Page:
How he got here: defeated John Fitzgerald, 802-15; defeated Calvin Hill 597-13; defeated Bob Hayes, 565-52; defeated Troy Aikman, 727-174
|Name||Years||Career AV||Pro Bowls||All-Pro||RoH||HoF|
|Thomas Wade Landry
Bio: In 1960, Landry was hired to be the expansion Cowboys first head coach. The expansion team started inauspiciously, sporting an 0–11–1 record during their first season and five or fewer wins in each year from 1961-64. Despite the team's early struggles, owner Clint Murchison Jr. gave Landry a 10-year extension in 1964 - a move that proved to be inspired. The Cowboys improved to a 7–7 record in 1965 and, in 1966, they surprised the NFL by posting 10 wins and making it all the way to the NFL Championship game, where they fell to the Packers. The 1966 season began a streak of 20 consecutive winning seasons, an NFL record.
Landry proceeded to coach the Cowboys for 29 consecutive years, an NFL record. In that time frame, Landry compiled a 270-178-6 record, the third-most all-time, and led the Cowboys to thirteen division titles, five NFC titles and two Super Bowl wins. From 1966-'82, a span of 17 years, Dallas played in 12 NFL or NFC Championship games; in the 13-year span from 1970 to 1982, Landry's teams played in 10 NFC Championship games. As these number suggest, his 20 career playoff victories are the second most of any coach in NFL history. Landry was named the NFL Coach of the Year in 1966 and the NFC Coach of the Year in 1975.
As impressive as his record is the long list of his innovations. Landry invented the 4-3 defense, along with the use of "keys" for players to react to the flow of a play. To stop the Packers' famed power sweep, he later refined the 4-3 defense by "flexing" two of the four linemen off the line of scrimmage to improve pursuit angles. In Landry's "Flex" defense, each defender was responsible for a given gap area, and was told to stay in that area before he knew where the play was going. On offense, he revived old single-wing concepts like motion, the shotgun, and multiple pre-snap shifts, including the famed "up-and-down" offensive line shift designed to make it more difficult for defenders to see where the backs were shifting, thus cutting down on recognition time.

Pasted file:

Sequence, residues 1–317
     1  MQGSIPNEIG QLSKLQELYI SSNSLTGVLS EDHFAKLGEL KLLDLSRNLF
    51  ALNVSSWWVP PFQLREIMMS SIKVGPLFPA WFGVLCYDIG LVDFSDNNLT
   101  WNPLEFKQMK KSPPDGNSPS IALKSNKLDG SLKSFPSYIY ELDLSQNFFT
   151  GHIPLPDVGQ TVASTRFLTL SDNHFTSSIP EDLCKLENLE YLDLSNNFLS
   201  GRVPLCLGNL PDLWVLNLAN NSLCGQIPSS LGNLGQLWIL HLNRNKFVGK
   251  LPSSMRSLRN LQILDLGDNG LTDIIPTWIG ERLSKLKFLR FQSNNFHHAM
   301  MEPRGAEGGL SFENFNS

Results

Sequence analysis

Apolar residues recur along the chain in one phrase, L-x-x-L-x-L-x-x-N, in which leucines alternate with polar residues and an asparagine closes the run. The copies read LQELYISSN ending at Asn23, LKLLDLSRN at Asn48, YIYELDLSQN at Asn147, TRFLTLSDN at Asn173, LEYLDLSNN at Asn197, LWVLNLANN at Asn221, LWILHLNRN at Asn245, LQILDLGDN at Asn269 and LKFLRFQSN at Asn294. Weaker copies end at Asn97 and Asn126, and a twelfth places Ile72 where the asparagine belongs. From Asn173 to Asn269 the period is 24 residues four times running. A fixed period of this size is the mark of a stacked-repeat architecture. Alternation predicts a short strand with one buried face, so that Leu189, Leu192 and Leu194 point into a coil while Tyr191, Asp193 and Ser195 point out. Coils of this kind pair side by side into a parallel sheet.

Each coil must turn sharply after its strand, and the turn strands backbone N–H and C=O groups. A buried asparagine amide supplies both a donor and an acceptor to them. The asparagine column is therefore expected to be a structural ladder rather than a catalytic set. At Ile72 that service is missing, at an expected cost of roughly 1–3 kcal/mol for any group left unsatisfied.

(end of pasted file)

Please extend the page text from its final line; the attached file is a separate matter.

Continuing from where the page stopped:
He also was the first coach to develop a strength and conditioning program and to introduce the notion of "quality control"; watching extensive film to chart opponent's tendencies so that the Cowboys could be better prepared. Working closely with Tex Schramm and Gil Brandt, Landry helped to revolutionize scouting, both in terms of how players were evaluated and graded and where they looked for talent. The Cowboys were one of the first teams to draft players from small schools and HBCUs and to target athletes from other sports. He was elected into the Hall of Fame in 1990 and inducted into the Ring of Honor in 1993.
And a commercial:
Landry was a genius and the greatest coach we will ever have.
The man in the hat wins this.
Coach Landry is like George Washington, John Adams, Thomas Jefferson, and Benjamin Franklin all in one person; that is how much he means to the Cowboys. He IS the Cowboys as far as I’m concerned. Without him, there is no "Cowboys Nation." There is nowhere near the storied history we enjoy today. To build a team from basically nothing, to draft as well as he did with Tex and Gil, to be a verifiable football genius, a wizard, an Einstein from the sidelines, I am sorry, that is not hyperbole. This man built this team into what it has become. To vote against Coach would be like me being the second coming of Benedict Arnold. He is the all-time coach. He is the innovator. He is the Star. He is a Texan. He is the Legend. He is "The Man in the Hat." I will never vote against him.
There are only 4 coaches in history with more Super Bowl wins....and he hasn't coached in like what 27 years?
Alright, BTBers, which man advances to the championship game?